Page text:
"queueName": "rebuild-requests",
      "connection": "tvlistingstorage_STORAGE"
  "disabled": false

We'll also need a project.json to pull in some dependencies:

    "frameworks": {
        "net46": {
            "dependencies": {
                "FSharp.Data": "2.3.2",
                "Newtonsoft.Json": "9.0.1"

Naturally I'm including FSharp.Data again, but you'll also see Newtonsoft.Json here as well. I originally wrote this function to use the JSON type provider, but unfortunately ran into some issues getting this to work in the function. Once I can work through these I'll definitely rework the function to use the type provider again since it's awesome. For now I'll make due with Json.NET.

First, the function needs to define some models:

open System  
open FSharp.Data  
open FSharp.Data.HttpRequestHeaders  
open Newtonsoft.Json

type SearchRequest = { filter: string; top: int; search: string; }  
type SearchResult = { ShowId: string }  
type SearchResponse = { value: SearchResult array }  
type DeleteOperation = { [<JsonProperty(PropertyName = "@search.action")>] Action: string; ShowId: string }  
type DeleteRequest = { value: DeleteOperation array }  

The function will interact with Azure Search via its REST API which exposes a lot of functionality, including some OData search capabilities. The models here line up with the requests and responses for the handful of operations we'll need here.

Each call to the API requires sending in an API key, so I'll also define a little HTTP helper that POSTs some JSON and includes the key:

let postJson urlPath json =  
    let url = sprintf "%s/%s" (Environment.GetEnvironmentVariable("SearchUrlBase")) urlPath
    let apiKeyHeader = "api-key", (Environment.GetEnvironmentVariable("SearchApiKey"))

                       body = TextRequest json,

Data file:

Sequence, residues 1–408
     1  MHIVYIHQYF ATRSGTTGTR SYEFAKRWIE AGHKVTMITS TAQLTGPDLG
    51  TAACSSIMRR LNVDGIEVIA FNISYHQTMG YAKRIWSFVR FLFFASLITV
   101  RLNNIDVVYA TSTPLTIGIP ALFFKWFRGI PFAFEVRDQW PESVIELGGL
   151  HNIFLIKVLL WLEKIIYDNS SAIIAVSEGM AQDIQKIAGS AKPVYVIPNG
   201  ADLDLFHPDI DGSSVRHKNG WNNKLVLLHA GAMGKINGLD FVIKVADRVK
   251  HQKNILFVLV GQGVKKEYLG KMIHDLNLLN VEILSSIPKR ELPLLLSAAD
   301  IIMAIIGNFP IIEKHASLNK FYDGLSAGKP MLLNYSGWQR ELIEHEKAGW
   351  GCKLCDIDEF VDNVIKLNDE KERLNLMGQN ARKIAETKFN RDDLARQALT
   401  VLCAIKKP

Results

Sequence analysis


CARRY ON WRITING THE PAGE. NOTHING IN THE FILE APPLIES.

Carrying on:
headers = [ ContentType HttpContentTypes.Json; apiKeyHeader ])

Next, a function to search the index:

let search query filter count =  
    let json = JsonConvert.SerializeObject({ filter = filter; top = count; search = query })

    postJson "/indexes('shows')/docs/search?api-version=2015-02-28" json
    |> JsonConvert.DeserializeObject<SearchResponse>
    |> fun response -> response.value

Now that we can search the index, we'll use that in a recursive function to clear the index:

let rec clearIndex() =  
    let results = search "" "" 1000

    if not <| Seq.isEmpty results then
        |> (fun result -> { Action = "delete"; ShowId = result.ShowId })
        |> fun ops -> 
            let json = JsonConvert.SerializeObject({ value = ops })

            postJson "/indexes('shows')/docs/index?api-version=2015-02-28" json
            |> ignore


This will pull 1000 documents at a time, issuing delete operations for them until the index has been completely purged. With the current index size this only ends up being 6 or 7 requests so it's quite quick to process.

The API also exposes an endpoint to trigger an indexer run:

let rebuildIndex() =  
    postJson "/indexers/shows-indexer/run?api-version=2015-02-28" ""
    |> ignore

Finally we just need the function definition itself:

let Run(inputMessage: string, log: TraceWriter) =  
    sprintf "Starting rebuild request for: %s" inputMessage |> log.Info


    sprintf "Finished rebuild request for: %s" inputMessage |> log.Info

That may look like a lot, but all told, including logging, namespaces, and model definitions, it's only about 50 lines of code. That search function will also come in handy in future posts when we want to start doing some real searches against the indexes.

Now that this is wired up, I've got a complete data flow being triggered every day. Each morning the DownloadLineup function fires, which adds a new file to blob storage. That file triggers the ImportLineup function that updates the data in SQL Server and then places an item in the rebuild-requests queue. That queue triggers the final RebuildSearchIndex function to complete the flow. All told this only takes a couple minutes overall, but it's nicely split across discrete functions to keep things organized and also can be invoked on their own.


By adding in an Azure Search layer over my SQL Database I was easily able to add full text search functionality over the same data:

Searching via the search API

Now we're getting somewhere!

Next post in series: Part 3: The Device API